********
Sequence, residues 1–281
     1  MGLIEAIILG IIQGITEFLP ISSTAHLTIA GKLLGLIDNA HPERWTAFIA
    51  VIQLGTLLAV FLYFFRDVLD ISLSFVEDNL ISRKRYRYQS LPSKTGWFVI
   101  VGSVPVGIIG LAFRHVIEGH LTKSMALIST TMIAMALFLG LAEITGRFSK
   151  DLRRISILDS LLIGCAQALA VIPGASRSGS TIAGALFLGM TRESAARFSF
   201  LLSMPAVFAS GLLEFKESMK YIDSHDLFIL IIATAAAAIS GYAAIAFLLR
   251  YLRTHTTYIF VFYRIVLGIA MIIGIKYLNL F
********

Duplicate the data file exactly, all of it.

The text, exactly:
Sequence, residues 1–281
     1  MGLIEAIILG IIQGITEFLP ISSTAHLTIA GKLLGLIDNA HPERWTAFIA
    51  VIQLGTLLAV FLYFFRDVLD ISLSFVEDNL ISRKRYRYQS LPSKTGWFVI
   101  VGSVPVGIIG LAFRHVIEGH LTKSMALIST TMIAMALFLG LAEITGRFSK
   151  DLRRISILDS LLIGCAQALA VIPGASRSGS TIAGALFLGM TRESAARFSF
   201  LLSMPAVFAS GLLEFKESMK YIDSHDLFIL IIATAAAAIS GYAAIAFLLR
   251  YLRTHTTYIF VFYRIVLGIA MIIGIKYLNL F